Today 4-12 Little Titchfield Street forms part of the University of Westminster’s Regent campus. This is fitting, as it was originally built as an ‘Extension’ or ‘Annexe’ to the 309 Regent Street building, primarily to accommodate the young women of the Polytechnic. They had previously used a variety of premises, first at Langham Place, and then a gymnasium and additional classrooms in Balderton Street, as well as the buildings on the site where 4-12 Little Titchfield Street now stands.
The money for the Great Portland Street Extension was raised through a combination of public money and private donations, from both wealthy individuals and members of the Polytechnic, as part of a large scheme of building works that included additions to 309 Regent Street.
The Great Portland Street Extension brought together all the activities happening at sites away from 309 Regent Street. As well as the women’s social spaces and gymnasium, this also included classrooms for Hairdressing, Tailoring, Carriage Building, Architecture, Matriculation, Commerce and Speech Training. The new building housed state of the art facilities for the Domestic Science department, such as kitchens, and gave opportunities to use new labour-saving devices like electric irons and vacuum cleaners.
The Extension building was opened in October 1929 by Her Majesty, Queen Mary, who had also opened 309 Regent Street in 1912. The scheme had originally visualised a much larger building, extending onto Great Portland Street itself, but it proved difficult to purchase the additional land from the leaseholders.
During the Second World War, the day students based at Little Titchfield Street were initially evacuated to Winscombe in Somerset, although evening classes continued in the building. By 1942 all the classes had returned to London except the Carriage Building and preliminary Architecture students, who stayed in the country for the duration of the war. The building was regularly used for dances and other social events during the Second World War. This continued throughout the 1950s and 60s, with many well-known bands playing in the Portland Hall including Jimi Hendrix’s debut UK performance, with Cream.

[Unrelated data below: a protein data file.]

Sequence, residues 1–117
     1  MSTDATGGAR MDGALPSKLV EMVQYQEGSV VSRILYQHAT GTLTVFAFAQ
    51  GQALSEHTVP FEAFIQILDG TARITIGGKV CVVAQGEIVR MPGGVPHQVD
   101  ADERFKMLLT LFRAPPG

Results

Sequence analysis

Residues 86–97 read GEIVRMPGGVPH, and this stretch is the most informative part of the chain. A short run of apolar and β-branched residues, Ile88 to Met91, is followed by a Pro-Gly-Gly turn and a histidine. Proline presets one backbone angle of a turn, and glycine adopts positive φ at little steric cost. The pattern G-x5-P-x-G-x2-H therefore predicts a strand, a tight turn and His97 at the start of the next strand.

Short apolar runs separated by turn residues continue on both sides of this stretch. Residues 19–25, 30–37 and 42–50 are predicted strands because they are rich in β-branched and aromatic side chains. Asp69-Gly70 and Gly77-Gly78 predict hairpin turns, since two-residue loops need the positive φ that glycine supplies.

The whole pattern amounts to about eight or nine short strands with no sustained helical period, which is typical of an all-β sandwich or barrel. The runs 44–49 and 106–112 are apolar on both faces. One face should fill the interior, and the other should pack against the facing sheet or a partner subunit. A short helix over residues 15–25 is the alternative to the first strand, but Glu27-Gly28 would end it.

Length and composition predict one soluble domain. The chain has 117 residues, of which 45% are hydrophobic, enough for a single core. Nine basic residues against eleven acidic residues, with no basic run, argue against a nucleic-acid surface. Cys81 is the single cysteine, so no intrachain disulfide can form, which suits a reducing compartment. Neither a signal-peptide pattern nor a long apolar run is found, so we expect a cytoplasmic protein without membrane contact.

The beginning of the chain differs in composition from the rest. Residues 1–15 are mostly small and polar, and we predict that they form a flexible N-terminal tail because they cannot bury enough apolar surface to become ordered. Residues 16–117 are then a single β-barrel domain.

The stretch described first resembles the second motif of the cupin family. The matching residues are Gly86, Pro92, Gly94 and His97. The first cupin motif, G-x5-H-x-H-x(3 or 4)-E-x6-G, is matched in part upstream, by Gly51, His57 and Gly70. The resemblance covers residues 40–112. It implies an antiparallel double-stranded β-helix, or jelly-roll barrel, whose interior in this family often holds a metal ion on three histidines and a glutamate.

By the 1960s, the teaching at the Regent Street Polytechnic had moved away from trade and technical classes to degree-level work, and the classes taught at the Little Titchfield Street building changed accordingly. The Architecture students moved to their new building in Marylebone Road in 1971 and Little Titchfield Street was redeveloped for use solely by the School of Communication, including the Photography and Film students.
The re-development was carried out by architects Lyons, Israel, Ellis, Gray who had also designed the Polytechnic’s New Cavendish Street building. The entrance was moved and the building became known as 18-22 Riding House Street.
The Little Titchfield Street building was again refurbished in the 1990s to accommodate the School of Law and its Library, after Photography and Film moved to Harrow.
Between 2012 and 2014 a further programme of work saw new developments to the Library, Archive and social spaces within the building, as well as the creation of a new lecture theatre in the space originally occupied by the ladies’ gymnasium.
Relevant sources available in the University of Westminster Archives
Legal records and plans
The Archive holds large numbers of leases and deeds for the properties on the site of 4-12 Little Titchfield Street prior to its construction. Many of these are leases to garment factories. There are also licences for cinema screenings, plays and dances from 1929 onwards. There are also architectural diagrams and plans relating to the initial building, and various refurbishments of the premises.
The Great Portland Street Extension was opened by HM Queen Mary (patron of The Polytechnic) on 10 Oct 1929. The Archive holds the commemorative programme for this event as well as a number of photographs. There are also reports of the visit in the Polytechnic Magazine.
The University Archives holds photographs of the interior and exterior of the 4-12 Little Titchfield Street, mostly in black and white, as well as photographs of the opening ceremony (see above). There are also many photographs showing classes and sport taking place in the building in from the 1920s to the 1950s, and another set documenting the School of Photography’s activities in the 1990s.